consideration and subject to any restrictions within her discretion is a settled question. If the act was binding on that government, so it is on this, as the successor of Spain. All the grants of lands, made by the lawful authorities of the King of Spain before 24 January, 1818, were by the treaty ratified and confirmed to the owners of the lands. Such is the construction given to the eighth article by this Court in Arredondo's Case, 6 Pet. 706, and in Percheman's Case, 7 Pet. 51; that is, imperfect titles were equally binding on this government, after the cession, as they had been on the Spanish government before. The grant to Atkinson was for the lands he mentioned or for any other lands that were vacant, and the surveyor general was especially directed to lay them off in either way, the grant giving him an unrestricted discretion over the entire vacant lands of the province to satisfy the highly meritorious claim of the petitioner, for however doubtful the merits of many claims may have been, as presented to us, of the justice of this there can be no question; it had in it peculiar equities, and therefore, the party had conceded to him peculiar privileges in selecting the lands. The official and well defined duties of the surveyor general are set forth in Hanson's Case, and need not be repeated. He was acting for the government when making the survey, and bound to protect the public domain within the restrictions imposed by the governor's decree; he did not exceed the decree by going to other places than those pointed out in the petition, and therefore did not exceed his authority, unless it was in making more surveys than two. This point was settled in Sibbald's Case, 10 Pet. 321. His was a mill grant for five miles square on Trout Creek, and in the event that situation would not permit the quantity of 16,000 acres, he asked, and had granted to him, an equivalent of the deficiency, not at a particular place, but generally. In 1819, a trade of 10,000 acres was surveyed at Trout Creek. In February 1820, another of 4,000 acres was surveyed thirty miles off at Turnbull's Swamp, and the remaining 2,000 acres at Bowleg's Hammock, some thirty miles in a different direction. It was proved that no more than 10,000 acres could be had at Trout Creek because of interfering elder claims and injury to third persons. The Court adjudged, in effect, that the equivalent referred to quantity, rather than form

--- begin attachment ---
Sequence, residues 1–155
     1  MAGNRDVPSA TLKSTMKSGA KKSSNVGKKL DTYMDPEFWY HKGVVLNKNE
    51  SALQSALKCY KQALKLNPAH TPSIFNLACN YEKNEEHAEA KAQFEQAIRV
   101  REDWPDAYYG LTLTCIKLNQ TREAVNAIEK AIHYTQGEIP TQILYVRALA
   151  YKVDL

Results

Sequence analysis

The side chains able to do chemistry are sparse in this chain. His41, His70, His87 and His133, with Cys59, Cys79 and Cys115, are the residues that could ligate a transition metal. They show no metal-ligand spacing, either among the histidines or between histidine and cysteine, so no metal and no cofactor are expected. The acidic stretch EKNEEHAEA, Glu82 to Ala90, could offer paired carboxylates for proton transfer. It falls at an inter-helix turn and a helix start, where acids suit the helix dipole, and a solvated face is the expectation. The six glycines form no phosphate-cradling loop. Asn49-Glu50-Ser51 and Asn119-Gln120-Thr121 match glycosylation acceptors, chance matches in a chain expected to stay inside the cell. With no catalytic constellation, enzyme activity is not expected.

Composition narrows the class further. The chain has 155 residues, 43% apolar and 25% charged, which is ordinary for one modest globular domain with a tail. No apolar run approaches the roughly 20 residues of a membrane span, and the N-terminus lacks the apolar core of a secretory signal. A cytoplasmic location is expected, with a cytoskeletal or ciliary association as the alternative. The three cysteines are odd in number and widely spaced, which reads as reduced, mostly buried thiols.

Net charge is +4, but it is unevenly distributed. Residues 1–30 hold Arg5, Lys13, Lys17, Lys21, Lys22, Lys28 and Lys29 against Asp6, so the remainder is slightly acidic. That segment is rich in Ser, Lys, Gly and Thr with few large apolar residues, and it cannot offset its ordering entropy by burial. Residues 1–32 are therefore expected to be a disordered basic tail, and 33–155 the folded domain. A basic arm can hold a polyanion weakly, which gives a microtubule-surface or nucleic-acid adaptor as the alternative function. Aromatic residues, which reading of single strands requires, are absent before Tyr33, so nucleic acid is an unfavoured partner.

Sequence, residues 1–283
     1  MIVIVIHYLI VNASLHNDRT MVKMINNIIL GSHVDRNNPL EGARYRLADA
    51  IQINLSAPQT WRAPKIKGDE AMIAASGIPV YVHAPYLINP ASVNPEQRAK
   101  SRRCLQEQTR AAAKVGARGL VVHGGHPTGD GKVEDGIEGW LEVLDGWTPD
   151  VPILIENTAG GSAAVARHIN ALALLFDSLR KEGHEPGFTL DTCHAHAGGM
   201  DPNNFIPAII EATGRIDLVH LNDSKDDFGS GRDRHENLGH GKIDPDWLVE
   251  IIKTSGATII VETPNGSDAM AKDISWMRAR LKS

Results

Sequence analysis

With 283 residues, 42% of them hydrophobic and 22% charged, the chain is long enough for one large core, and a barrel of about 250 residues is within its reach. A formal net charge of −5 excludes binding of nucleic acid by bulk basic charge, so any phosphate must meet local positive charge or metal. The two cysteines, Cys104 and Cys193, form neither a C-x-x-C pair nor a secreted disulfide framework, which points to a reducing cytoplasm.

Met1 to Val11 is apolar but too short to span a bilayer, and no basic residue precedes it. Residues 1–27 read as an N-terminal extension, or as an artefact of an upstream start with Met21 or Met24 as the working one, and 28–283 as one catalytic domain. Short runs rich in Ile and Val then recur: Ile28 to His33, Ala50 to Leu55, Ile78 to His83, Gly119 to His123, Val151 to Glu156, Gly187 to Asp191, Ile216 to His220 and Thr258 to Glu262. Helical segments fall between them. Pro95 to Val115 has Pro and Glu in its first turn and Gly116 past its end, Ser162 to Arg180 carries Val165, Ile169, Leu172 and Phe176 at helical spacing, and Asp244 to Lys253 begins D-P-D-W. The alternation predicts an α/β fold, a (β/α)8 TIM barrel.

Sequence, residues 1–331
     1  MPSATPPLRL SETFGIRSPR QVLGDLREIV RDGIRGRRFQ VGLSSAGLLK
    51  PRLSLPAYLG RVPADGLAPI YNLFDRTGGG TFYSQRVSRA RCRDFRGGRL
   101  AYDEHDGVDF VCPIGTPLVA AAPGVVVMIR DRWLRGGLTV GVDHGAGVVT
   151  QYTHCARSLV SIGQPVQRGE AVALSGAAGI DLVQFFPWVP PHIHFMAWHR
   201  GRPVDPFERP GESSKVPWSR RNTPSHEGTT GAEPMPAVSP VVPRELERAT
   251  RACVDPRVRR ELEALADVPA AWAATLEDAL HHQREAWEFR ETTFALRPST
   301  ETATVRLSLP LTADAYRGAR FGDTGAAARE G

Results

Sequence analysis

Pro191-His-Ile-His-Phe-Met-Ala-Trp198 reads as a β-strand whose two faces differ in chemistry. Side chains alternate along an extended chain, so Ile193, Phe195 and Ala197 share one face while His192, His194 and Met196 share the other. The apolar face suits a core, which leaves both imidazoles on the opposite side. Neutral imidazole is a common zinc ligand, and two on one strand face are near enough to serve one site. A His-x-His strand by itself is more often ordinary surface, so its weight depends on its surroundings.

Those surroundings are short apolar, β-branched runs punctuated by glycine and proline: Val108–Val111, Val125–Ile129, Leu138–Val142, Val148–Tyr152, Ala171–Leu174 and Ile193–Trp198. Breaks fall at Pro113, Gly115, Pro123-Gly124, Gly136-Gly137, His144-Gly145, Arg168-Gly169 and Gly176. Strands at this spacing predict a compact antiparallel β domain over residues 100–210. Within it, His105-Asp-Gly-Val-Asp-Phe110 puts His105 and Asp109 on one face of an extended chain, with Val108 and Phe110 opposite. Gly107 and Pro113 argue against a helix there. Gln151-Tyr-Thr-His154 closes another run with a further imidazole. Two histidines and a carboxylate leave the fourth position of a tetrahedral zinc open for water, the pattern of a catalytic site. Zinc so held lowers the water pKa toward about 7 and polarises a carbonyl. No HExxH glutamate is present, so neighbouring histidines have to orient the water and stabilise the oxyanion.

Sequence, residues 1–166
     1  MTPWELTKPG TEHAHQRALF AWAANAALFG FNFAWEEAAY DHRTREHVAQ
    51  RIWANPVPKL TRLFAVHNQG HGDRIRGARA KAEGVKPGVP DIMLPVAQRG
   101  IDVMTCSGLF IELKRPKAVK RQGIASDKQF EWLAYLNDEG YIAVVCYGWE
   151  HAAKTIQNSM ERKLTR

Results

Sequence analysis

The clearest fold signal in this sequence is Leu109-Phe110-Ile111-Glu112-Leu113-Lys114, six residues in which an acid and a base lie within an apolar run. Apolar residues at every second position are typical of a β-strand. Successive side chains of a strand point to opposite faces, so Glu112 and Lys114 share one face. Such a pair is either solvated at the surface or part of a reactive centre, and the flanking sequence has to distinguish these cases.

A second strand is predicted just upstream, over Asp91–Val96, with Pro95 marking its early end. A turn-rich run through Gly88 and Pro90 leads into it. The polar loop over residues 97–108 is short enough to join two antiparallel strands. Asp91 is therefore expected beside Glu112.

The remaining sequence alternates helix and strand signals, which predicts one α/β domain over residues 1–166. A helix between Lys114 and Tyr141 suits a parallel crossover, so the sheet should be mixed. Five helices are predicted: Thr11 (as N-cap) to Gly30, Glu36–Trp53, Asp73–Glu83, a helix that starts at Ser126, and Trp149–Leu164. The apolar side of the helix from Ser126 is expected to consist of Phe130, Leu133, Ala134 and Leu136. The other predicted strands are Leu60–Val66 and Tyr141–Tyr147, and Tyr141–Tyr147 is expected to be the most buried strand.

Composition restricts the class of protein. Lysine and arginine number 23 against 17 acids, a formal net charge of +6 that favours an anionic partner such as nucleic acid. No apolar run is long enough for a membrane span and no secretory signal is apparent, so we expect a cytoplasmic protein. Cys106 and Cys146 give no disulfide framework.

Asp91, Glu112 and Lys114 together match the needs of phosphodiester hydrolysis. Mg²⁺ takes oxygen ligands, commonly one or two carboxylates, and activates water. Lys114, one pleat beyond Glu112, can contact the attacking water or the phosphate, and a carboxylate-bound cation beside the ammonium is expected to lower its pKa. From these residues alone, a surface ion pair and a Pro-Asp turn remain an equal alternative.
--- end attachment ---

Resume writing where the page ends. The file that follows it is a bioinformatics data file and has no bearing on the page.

of survey, and that the 6,000 acres deficient could be surveyed on any vacant lands in the province and in several surveys; the only authority for doing so was that an equivalent was decreed in case of deficiency. The last two surveys were confirmed on the precise ground that, as to the equivalent, the party was not restricted to any particular spot nor to any form or number of surveys, and therefore might elect any vacant lands and at different places. Sibbald's was a weaker case than the present, the words of the grant being less explicit; the principles presented being precisely the same in both, we cannot reverse the decree below without overruling the former decision, to which the court below was bound to conform. We therefore order the decree to be